Tales Of Gallanol : Ch.7 Battle For Morith (Part 1 : Section 2)
Bleddyn rode near the head of the column, talking with Idwal and Morgan. It was the only way to relieve the boredom of the long march. They talked of times past, their victories and embarassments, on the sporting fields and at the parties of Emywid. Each of them was concerned to prove that they had won the most games, and picked the best women. The arguments provoked by their boasting were to be taken only as wit, for all three of them were good sportsmen.
Bleddyn abruptly changed the subject. While they had been talking he had not noticed the change in the surroundings. “These hills are beautiful, so bare and open!” The wide straight road had been climbing gradually for a while, as the land level before and at either side rose about them. The change had been so gradual, but now windswept, snow-clad plateau hills surrounded them on three sides. Ahead of them the road remained wide and straight, but climbed much more steeply up onto the plateau tops of the Kelsa Hills. There were no more trees dotted along the roadside and they had left the farmland plains of Elladein behind.
Morgan pointed out the view of the plain behind. In the distance ahead some of the edges of the Kelsa Hills fell away in craggy gritstone escarpments.
“If I was King Lew this would be the place where I would strike,” said Idwal. “Here or nowhere. Up there where the road gets steep. There is only one way to go, and some of those scarp slopes are near enough the road to have archers or even catapults.”
“I certainly hope not,” said Morgan. “I was hoping King Lew would surrender. I was even beginning to believe it until you said that.”
“I should not worry, Morgan. If they are waiting for us up there we can still beat them easily,” said Bleddyn. “Deneldinhew says their mercenaries have deserted, and Owen says Elladeinis don’t know how to fight.”
“I will believe that,” laughed Idwal. “We have only had one half hour scrape with them so far, and here we are, nearly at Morith, after having traversed the greater part of Elladein.”
“Just sit back and enjoy the scenery, Morgan,” said Bleddyn.
“It’s a bit stark, don’t you think, Bleddyn” said Idwal. “I don’t mean cold, but there are no trees, and the hills are rather flat and uninspiring.”
“But is the view behind you not appealing, Idwal?” said Bleddyn.
“Me, I am a Baerwysian. I do not think Elladein is as attractive,” explained Idwal. Along the Great River we do not have hills as such, but the scarp slopes are tall, and tree clad, with all kinds of beautiful trees. Yet no part of the scarps is the same. Nature is modified by the artistic whims of the landowners in their gardens and their architecture. Beyond the scarps the farmlands are wide but beautiful, punctuated with many more miles of varied forests and meadows and streams. Beside the Great River, the Ella is very uninteresting in my view. Ella Vale is flat. There are no forested scarps on the river banks, and the farmlands are more continuous. The Forest of Liedein is too wild for my liking, and these hills are too bare. For hills I would go to the foothills of Caer and Caerdin provinces and beyond, where there are real mountains, or to Falwent, Lanardein or Prydein.”
“Alright Idwal, you have made your point very persuasively,” returned Bleddyn, “but I have a soft spot for Elladein.”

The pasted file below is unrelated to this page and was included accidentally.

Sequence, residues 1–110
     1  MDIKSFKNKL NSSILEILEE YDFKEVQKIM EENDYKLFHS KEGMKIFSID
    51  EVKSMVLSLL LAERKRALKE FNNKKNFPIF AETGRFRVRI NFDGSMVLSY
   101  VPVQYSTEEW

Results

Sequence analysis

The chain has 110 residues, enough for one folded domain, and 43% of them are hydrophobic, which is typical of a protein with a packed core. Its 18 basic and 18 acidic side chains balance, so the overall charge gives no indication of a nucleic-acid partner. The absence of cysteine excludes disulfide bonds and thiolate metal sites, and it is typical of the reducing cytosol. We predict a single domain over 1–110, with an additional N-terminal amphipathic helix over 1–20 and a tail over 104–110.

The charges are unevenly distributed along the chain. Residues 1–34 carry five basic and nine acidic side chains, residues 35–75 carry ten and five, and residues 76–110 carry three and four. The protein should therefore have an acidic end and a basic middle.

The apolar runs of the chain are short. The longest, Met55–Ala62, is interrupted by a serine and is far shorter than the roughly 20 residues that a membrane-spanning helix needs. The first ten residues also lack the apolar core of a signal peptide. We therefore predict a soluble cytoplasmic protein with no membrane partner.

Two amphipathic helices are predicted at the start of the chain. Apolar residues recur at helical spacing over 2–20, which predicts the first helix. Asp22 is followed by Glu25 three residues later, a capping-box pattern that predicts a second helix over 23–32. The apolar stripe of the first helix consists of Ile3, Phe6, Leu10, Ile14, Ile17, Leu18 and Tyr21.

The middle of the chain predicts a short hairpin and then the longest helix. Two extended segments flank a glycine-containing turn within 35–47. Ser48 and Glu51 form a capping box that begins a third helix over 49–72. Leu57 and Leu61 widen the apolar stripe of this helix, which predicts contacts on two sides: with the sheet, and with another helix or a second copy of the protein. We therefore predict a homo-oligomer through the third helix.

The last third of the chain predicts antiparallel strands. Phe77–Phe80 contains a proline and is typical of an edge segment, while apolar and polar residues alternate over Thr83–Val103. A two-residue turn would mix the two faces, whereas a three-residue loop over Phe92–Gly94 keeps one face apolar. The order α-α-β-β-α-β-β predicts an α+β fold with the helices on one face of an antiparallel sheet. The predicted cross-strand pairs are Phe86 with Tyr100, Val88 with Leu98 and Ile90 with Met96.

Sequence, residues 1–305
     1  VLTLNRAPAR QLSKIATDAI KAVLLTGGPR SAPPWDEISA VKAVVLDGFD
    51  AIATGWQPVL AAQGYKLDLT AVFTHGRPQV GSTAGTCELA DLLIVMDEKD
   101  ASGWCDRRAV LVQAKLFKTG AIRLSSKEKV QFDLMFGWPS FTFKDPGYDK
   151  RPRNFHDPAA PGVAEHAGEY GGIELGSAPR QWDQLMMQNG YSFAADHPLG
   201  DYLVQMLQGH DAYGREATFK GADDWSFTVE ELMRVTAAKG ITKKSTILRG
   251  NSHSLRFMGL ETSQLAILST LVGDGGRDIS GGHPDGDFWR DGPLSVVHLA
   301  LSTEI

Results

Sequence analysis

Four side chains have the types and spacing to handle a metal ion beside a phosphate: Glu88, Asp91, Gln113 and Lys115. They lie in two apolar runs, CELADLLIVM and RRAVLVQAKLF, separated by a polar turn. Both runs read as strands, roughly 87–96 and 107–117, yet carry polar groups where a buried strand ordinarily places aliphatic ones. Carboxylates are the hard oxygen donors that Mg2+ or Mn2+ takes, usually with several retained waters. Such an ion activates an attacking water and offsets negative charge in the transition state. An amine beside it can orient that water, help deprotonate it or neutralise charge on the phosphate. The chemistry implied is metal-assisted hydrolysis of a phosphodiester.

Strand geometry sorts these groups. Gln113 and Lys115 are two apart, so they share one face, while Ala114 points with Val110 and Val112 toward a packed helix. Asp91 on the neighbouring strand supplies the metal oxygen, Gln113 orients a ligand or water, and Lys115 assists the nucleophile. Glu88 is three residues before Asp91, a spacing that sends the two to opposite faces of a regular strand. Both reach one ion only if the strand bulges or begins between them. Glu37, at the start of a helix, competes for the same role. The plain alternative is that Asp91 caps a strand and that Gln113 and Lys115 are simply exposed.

The rocks began to fall when they were still a long way down from the plateau. The road climbed under the battlements of a gritstone scarp on the left hand side of the road. There was a less steep scarp on the right hand side, set back a long way from the road, across a fast flowing stream. The road turned out of view to the left a little way ahead.
The southern army was splayed out along the road. The Emywid White Guard cavalry in their white cloaks and furs and breastplates were at the front and at the back of the column. The Galdelleinis were towards the front, and the more numerous Baerwysian volunteers and footsoldiers further back. The volunteers wore no distinctive uniform, but leathers and clothing hardened by chemical treatments and helmets, a variety of styles, most of which could commonly be bought in any Gallanolian city.
The Elladeini were on the scarp. Rocks were being catapulted and men were slinging stones onto the southerners below. In addition archers in the rocks near the front end of the column were raining arrows onto the White Guards.
“We had scouts out. They reported there was no one here!” Deneldinhew turned to Eric and Owen, surprise and agitation written all over his face.
“Some of them have not returned yet,” said Eric sourly in answer.
Owen was quick to action. Get those footsoldiers up into the rocks. There are paths in the scarp. The sooner we get the rebels out of those rocks the sooner we win and the less we lose.”
“Right,” agreed Deneldinhew. “Give the order. I want some White Guards to go back down the valley to the river fleet. If the battle is going to be here we need all the soldiers we can get.”
“Rhodri,” he shouted. “Go back to the White Guard and send four of them to get reinforcements, as many as we can get, from Prince Llewelyn and Anarawd. Tell them to come up the far side of the hills.”
Owen, Bleddyn, Idwal and Morgan were already back along the line, and the Baerwysian and Galdelleini footsoldiers were running towards the scarp. The road behind Eric and Deneldinhew was already marked by a few dead and injured bodies, men hit on the head with rocks and stones or stuck by arrows. The forward White Guard had immediately dismounted and covered themselves behind the horses. They had quickly grouped around their leaders to protect them and await orders, but it was here that the arrows sped quickest. The sound of them filled the air. The Elladeini archers were finding the White Guard an easy target.